Dexa is Alexa’s middle name, after her paternal granny. Always a playful girl enchanted with miniatures and sonically drawn to resonant bell tones, it is not much of a surprise that upon first discovering the realm of toy instruments, Alexa fell head over heels instantly and immediately began to seek out the toys she now uses to self-accompany and that continue to shape the contours of her compositions and musical sensibilities. alexadexa.com

Alexa Dexa will join colleagues from across the globe at the 2016 Florida International Toy Piano Festival in January 2016 presented by The New Music Conflagration, Inc.

1) How did you first become interested in the toy piano as a concert instrument?
Some people guess that I started out young on a toy piano and just rekindled my love for it later on in life, but I actually started out on a real piano and only discovered the toy piano at age 20 when I was at Berklee College of Music starting to define the parameters of my solo musical project. I realized that my bulky MIDI keyboard wasn’t exciting for me sonically or performatively so I started to actively seek out other keyboard-based, acoustic instruments to self-accompany with. I found a video of Margaret Leng Tan playing the toy piano and a sand block and it was instant love. I’ve always been a huge fan of miniatures and I’ve always been drawn to resonant bell tones. For me, the toy piano was a perfect combination of each and had just enough quirk to stay interesting for me.

 

2) What influenced you to come to the festival?
As an avid toy instrument collector and composer, I flock to any gathering where I’m sure to encounter new toys and new toy-related music to fawn over. It’s a really special experience to hear what other composers are doing with nontraditional instrumentation and the camaraderie I’ve found among the underground of toy pianists has been an overwhelming source of inspiration and support for me.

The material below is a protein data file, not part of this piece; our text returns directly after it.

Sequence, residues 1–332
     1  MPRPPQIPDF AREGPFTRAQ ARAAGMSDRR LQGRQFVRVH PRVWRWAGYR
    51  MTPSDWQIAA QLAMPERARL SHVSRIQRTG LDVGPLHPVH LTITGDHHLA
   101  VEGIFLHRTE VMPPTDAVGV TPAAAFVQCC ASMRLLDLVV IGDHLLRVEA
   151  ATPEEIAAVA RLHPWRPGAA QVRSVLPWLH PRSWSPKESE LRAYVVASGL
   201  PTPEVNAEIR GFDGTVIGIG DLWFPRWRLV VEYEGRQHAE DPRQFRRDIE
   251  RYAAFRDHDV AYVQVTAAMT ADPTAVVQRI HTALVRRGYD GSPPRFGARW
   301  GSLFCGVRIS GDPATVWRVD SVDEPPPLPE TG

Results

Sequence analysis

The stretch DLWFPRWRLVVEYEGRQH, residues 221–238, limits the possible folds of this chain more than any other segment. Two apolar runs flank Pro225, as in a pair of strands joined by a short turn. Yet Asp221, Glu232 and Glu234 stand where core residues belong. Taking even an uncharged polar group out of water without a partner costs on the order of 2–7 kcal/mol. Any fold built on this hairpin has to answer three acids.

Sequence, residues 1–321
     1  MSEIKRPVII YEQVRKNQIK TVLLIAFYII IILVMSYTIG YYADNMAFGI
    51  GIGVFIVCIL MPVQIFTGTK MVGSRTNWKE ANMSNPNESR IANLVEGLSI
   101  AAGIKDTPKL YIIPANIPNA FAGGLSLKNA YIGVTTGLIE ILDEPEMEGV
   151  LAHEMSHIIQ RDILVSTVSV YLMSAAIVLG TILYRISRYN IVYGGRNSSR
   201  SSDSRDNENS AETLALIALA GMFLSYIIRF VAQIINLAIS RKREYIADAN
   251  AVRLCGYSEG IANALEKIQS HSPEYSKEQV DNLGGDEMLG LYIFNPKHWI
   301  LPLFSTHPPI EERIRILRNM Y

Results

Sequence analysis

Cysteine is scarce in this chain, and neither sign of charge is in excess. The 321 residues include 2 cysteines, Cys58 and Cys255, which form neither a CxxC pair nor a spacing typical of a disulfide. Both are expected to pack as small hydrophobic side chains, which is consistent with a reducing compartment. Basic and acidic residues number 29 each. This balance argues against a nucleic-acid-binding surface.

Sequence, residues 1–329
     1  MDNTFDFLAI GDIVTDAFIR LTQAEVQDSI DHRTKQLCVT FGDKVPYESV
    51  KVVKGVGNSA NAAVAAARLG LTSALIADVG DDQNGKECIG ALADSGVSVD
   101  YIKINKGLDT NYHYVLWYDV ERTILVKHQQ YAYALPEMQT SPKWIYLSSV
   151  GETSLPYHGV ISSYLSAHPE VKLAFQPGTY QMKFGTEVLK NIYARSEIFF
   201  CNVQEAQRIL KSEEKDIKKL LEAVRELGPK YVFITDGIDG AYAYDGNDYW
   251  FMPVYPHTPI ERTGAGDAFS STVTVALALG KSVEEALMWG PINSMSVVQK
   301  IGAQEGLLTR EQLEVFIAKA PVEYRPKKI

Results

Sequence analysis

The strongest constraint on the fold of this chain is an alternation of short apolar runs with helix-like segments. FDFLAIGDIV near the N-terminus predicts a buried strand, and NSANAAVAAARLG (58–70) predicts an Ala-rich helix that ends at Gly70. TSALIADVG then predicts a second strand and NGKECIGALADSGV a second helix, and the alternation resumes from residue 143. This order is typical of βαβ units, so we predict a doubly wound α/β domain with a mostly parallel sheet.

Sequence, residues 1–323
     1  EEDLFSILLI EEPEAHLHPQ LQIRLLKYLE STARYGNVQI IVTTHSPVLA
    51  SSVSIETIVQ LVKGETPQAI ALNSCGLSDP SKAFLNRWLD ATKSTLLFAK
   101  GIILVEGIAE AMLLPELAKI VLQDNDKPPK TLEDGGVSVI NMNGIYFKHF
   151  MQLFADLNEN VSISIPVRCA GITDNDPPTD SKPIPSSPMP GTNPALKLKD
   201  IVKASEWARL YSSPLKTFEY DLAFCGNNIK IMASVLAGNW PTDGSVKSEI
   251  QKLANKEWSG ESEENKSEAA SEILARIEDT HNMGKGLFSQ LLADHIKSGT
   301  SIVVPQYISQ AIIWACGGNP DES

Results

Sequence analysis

3) Who is your favorite toy piano composer and why?
It’s a hard question; there are a handful of wonderful composers writing for toy piano and all of it is unique and lovely to listen to. Phyllis Chen, Angélica Negrón, Monica Pearce, and of course John Cage come to mind.

 

4) What do you see as the future of toy piano?
Right now I see a lot of toy piano festivals cropping up and I hear a lot more toy piano in contemporary music and in music for commercials. But I feel that the instrument will always attract people that are more inclined to the unusual and I look forward to hearing what sounds these nonconformist minds will create with it in the future!

 

5) What local place or thing are you most excited to experience during your visit to the Tampa Bay Area for the festival?
My favorite part of touring somewhere new is having the opportunity to explore the city and spontaneously come across whatever I come across. Oftentimes my curiosity and chance occurrences turn out to be very rewarding. The only thing I like to plan ahead for is how I’m getting to and from the city, which friend I’m staying with, and what time I’m performing. Everything else is a bonus!

Check out this new album by Alexa Dexa and meet her in January at the 2016 Florida International Toy Piano Festival!